Coronavirus ‘could cause damage to a man’s testicles’, Wuhan doctors warn

Chinese doctors have warned male COVID-19 sufferers to have their fertility tested when they are recovered.

This is because they believe that coronavirus may damage testicle function.

So far, no studies have found that the virus does reduce fertility or cause impotency in men.

However, medics in Wuhan, where the disease originated, are suggesting that the infection has an effect in sperm production and the formation of male sex hormones.

While coronavirus predominantly targets the respiratory and immune systems, in theory it could affect the reproductive ability of males, says Muhan’s Tongji Hospital.

Professor Li Yufeng and his team at the hospital’s Centre for Reproductive Medicine made the comments yesterday.

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The hospital is one of those chosen by the government to treat patients with coronavirus in Wuhan.

According to disease experts, the new coronavirus – known as SARS-CoV-2 – causes tissue damage in human cells by binding a spike protein to a protein in the cell membrane – called angiotensin-converting enzyme 2 (ACE2).

This enzyme, ACE2, is present in the lungs and other organs within the human body.

It is abundant in the male testes and can be concentrated in cells which affect fertility like the germ cells, supporting cells and Leydig cells, say the team.

During the SARS epidemic, which affected 26 countries, in 2002 and 2003, medics noted serious immune system damage to some patients testicles.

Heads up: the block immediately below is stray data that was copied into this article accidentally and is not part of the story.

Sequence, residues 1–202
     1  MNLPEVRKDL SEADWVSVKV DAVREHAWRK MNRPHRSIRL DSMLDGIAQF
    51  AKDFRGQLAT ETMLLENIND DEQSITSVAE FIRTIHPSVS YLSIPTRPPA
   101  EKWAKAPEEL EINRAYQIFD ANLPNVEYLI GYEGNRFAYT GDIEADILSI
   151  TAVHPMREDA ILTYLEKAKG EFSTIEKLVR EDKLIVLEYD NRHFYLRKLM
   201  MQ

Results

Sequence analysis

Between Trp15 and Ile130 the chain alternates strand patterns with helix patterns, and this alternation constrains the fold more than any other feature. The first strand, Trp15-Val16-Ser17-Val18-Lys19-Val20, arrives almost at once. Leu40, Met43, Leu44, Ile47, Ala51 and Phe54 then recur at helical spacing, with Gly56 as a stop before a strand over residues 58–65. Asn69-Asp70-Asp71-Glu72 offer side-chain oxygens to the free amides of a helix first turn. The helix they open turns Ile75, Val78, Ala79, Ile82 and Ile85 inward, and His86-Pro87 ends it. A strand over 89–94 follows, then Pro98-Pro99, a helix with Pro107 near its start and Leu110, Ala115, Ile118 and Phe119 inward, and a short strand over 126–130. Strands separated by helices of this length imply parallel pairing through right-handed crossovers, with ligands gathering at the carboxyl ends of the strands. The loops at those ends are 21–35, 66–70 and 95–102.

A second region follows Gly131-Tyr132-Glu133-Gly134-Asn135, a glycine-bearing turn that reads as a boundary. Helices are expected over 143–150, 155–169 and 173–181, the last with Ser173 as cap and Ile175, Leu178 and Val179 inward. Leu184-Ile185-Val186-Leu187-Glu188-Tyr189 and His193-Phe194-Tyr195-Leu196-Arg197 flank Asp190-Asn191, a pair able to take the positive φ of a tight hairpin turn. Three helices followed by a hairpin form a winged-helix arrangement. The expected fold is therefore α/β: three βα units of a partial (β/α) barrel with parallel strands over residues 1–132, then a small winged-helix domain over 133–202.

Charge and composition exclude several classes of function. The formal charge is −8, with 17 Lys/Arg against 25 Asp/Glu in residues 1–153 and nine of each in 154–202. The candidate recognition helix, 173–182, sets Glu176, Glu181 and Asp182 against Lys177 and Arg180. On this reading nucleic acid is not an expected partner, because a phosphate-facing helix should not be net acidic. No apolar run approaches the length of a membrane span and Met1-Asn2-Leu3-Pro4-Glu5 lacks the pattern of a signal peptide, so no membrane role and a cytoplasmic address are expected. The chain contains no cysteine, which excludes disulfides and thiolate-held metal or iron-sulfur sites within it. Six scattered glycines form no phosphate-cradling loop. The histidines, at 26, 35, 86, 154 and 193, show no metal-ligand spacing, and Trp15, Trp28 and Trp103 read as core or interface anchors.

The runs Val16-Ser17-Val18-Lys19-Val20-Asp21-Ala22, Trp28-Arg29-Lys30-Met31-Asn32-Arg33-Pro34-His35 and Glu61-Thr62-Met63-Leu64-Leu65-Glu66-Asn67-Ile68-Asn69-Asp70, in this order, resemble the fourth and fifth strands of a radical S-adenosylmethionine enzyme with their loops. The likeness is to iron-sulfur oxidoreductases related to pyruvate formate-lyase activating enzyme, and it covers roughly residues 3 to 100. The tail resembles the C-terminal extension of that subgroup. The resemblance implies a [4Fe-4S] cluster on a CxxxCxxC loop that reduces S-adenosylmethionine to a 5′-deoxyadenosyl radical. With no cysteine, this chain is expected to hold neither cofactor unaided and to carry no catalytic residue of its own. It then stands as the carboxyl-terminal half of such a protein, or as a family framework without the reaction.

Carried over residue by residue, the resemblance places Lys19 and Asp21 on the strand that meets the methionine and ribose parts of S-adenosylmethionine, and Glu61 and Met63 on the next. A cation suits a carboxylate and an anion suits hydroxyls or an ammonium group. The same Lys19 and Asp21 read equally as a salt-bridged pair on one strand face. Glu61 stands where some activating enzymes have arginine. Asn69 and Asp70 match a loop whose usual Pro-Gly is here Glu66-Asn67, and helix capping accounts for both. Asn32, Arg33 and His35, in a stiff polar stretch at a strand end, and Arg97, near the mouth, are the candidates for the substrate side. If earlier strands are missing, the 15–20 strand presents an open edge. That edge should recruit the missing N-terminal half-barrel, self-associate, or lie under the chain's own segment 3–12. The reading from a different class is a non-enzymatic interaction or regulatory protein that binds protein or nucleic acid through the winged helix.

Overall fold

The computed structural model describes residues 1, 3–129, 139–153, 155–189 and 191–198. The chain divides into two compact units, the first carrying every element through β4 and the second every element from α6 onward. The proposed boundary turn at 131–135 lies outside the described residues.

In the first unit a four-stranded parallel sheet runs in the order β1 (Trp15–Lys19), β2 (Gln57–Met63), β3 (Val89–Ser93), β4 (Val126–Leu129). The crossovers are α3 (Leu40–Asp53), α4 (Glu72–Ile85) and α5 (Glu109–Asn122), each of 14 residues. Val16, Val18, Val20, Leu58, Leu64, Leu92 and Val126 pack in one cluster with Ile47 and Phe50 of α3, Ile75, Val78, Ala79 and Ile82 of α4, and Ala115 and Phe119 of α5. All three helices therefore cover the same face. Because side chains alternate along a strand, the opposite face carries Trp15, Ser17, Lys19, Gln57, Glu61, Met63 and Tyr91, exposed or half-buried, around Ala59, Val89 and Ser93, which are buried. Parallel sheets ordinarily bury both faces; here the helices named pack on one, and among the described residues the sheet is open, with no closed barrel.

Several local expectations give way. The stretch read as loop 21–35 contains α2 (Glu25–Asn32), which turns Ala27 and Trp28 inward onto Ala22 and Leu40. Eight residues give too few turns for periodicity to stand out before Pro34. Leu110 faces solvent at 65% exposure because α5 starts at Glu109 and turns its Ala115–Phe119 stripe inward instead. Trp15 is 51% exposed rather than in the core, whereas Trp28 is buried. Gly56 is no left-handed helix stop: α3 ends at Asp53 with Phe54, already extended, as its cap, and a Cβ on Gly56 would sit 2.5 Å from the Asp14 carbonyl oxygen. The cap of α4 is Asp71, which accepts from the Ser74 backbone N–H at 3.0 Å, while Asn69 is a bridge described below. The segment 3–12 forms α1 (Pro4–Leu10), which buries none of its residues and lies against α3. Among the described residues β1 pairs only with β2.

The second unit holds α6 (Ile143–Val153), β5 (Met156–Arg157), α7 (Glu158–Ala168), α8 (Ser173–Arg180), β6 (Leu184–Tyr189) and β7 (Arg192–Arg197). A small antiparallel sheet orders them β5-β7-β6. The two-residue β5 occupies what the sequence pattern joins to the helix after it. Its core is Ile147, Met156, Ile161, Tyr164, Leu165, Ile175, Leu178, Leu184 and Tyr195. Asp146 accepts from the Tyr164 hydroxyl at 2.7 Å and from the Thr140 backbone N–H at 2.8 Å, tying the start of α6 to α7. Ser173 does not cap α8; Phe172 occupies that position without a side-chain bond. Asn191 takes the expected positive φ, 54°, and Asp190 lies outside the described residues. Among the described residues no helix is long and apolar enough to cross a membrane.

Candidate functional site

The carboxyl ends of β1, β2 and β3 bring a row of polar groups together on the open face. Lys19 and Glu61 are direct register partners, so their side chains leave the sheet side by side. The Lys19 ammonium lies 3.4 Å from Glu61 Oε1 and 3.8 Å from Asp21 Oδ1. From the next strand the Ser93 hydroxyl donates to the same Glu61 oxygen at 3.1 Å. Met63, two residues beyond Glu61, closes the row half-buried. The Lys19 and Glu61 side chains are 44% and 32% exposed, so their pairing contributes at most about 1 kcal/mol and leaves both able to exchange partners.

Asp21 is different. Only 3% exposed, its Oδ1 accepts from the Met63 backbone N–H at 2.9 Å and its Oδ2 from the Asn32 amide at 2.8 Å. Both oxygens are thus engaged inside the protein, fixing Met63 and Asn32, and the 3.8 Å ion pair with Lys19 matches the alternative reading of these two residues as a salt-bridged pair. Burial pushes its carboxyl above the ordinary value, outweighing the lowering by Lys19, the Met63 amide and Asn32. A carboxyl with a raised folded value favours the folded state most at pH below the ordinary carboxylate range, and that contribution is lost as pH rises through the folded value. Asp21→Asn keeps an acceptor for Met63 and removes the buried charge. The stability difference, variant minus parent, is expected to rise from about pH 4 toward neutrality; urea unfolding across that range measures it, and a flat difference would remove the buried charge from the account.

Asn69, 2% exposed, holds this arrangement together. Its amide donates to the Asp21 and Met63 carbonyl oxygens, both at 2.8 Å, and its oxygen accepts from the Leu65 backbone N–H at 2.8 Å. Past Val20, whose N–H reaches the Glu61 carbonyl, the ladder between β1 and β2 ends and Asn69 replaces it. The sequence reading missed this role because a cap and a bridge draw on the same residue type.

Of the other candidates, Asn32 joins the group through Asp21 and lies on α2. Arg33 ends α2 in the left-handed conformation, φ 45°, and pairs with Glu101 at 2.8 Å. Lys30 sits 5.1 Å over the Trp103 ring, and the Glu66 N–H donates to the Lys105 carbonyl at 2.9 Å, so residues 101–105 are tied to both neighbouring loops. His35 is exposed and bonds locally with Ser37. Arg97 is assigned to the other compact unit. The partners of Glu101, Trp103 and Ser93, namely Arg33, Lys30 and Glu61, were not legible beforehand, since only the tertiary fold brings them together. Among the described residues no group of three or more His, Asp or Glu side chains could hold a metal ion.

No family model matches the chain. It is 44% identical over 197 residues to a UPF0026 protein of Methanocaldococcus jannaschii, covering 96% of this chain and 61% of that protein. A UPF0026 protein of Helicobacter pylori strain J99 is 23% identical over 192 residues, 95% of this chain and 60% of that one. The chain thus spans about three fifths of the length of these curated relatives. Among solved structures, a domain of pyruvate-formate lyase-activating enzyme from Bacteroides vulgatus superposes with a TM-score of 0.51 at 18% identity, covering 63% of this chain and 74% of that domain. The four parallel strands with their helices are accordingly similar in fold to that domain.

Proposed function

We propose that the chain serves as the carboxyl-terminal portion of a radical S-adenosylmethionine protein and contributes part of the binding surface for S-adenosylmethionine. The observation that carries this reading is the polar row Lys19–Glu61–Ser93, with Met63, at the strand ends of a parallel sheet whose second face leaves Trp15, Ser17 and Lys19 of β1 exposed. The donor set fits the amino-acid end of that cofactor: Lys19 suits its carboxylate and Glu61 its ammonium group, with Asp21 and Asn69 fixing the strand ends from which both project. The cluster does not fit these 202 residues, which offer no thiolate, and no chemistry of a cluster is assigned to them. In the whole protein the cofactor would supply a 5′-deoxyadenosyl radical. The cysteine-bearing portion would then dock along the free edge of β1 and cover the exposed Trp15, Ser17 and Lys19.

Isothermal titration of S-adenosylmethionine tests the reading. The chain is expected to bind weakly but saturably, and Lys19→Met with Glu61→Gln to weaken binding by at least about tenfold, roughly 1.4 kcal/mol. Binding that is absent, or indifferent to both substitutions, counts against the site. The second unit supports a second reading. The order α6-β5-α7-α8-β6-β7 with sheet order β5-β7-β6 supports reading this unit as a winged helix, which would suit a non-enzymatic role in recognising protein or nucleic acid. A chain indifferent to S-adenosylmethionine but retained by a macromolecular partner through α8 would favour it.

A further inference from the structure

While experts have not detected the SARS-CoV in patients reproductive organs they could suffer from inflammation.

COVID-19 is remarkably similar to the 2002 SARS coronavirus.

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Since they both share the same host-cell receptor, ACE2, the new coronavirus could affect the testicles similarly.

The hospital report said: “Therefore, for men who have had the infection, especially those who need to reproduce, it is best to undergo relevant fertility tests, such as sperm quality and hormone level tests, upon recovery to detect possible problems as soon as possible”

The COVID-19 outbreak began in Wuhan, China, and has now been declared a pandemic by the World Health Organisation.

  • World Health Organisation
  • Coronavirus

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